Maths, No Problem!
At Mount Charles School we are developing a mastery approach to Mathematics. To help aid this approach we are using the 'Maths No Problem!' textbooks in Year 1 and Year 2. Because of the success we have seen over the past two years when using this approach, in September 2018 we will also be using the books in Year 3. We hope that this will aid the transition between KS1 and KS2.
Staff across the school have been developing a mastery approach to teaching Mathematics, whereby every child is given the time to fully master each concept, before moving on, ensuring success for all learners. Children spend most lessons solving problems and working with concrete apparatus to fully understand abstract mathematical concepts.
In KS1 they work in workbooks and use journalling to document their thinking and reasoning: a key feature of every lesson. The textbooks are based on a highly successful model used in Singapore and have been specially written for the UK curriculum.
In KS2 the same approach is taken, however teachers use their expert knowledge of the curriculum and the resources created by the 'White Rose Maths Hub', to embed the mastery approach.
Why Singapore Maths?
The Singapore curriculum for Mathematics has consistently produced excellent results. Singapore is at the top of the charts in international comparisons of educational systems such as TIMSS and PIRLS. The textbooks and workbooks are used successfully in over 30 countries around the world.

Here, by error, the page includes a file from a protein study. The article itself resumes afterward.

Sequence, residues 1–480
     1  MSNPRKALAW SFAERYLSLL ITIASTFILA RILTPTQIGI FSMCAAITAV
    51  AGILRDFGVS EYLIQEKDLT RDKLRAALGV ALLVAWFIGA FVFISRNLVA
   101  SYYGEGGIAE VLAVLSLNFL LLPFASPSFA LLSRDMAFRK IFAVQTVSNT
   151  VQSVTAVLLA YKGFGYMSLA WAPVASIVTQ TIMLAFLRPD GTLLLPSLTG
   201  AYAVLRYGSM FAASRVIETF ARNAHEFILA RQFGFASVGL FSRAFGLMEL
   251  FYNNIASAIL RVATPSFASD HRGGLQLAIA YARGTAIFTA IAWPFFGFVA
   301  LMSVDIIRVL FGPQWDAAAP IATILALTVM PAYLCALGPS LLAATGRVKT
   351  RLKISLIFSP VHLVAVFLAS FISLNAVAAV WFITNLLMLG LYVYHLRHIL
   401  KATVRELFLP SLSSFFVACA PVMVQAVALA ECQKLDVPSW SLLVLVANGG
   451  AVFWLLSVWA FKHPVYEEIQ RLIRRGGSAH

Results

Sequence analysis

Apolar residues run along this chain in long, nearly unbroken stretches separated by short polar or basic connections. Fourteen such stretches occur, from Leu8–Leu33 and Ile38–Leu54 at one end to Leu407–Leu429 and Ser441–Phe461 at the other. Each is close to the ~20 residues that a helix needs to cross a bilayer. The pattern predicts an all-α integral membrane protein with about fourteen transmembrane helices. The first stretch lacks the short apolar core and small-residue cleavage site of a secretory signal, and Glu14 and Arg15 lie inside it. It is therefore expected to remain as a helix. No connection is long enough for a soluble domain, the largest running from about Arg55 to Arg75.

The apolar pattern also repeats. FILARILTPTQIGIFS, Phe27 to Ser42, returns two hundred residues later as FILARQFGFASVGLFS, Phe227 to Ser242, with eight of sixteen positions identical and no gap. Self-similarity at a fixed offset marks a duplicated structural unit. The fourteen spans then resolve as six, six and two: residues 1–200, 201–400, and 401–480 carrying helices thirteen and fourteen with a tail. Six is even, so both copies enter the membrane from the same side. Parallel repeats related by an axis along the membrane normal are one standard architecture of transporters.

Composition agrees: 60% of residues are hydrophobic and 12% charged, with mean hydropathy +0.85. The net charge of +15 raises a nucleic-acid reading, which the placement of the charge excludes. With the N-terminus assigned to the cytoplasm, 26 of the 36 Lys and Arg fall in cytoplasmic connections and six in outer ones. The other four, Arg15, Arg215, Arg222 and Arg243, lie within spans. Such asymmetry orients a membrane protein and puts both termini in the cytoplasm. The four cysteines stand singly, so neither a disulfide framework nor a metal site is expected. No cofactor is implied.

Students can underperform in Mathematics because they find it boring or they can't remember the rules. The Singapore method of teaching Mathematics develops pupils' mathematical ability and confidence without have ing to resort to memorising procedures to pass tests - making Mathematics more engaging and interesting.
Key features of this approach to teaching:
- Emphasis on problem solving and comprehension: children relate what they learn and connect knowledge
- Careful scaffolding of core competencies:
- visualisation, as a platform for comprehension
- mental startgeis, to develop decision making abilities
- pattern recognition, to support the ability to make connections and generalise
- Emphasis on the foundations for learning and not on the content itself so children learn to think mathematically as opposed to merely reciting formulas or procedures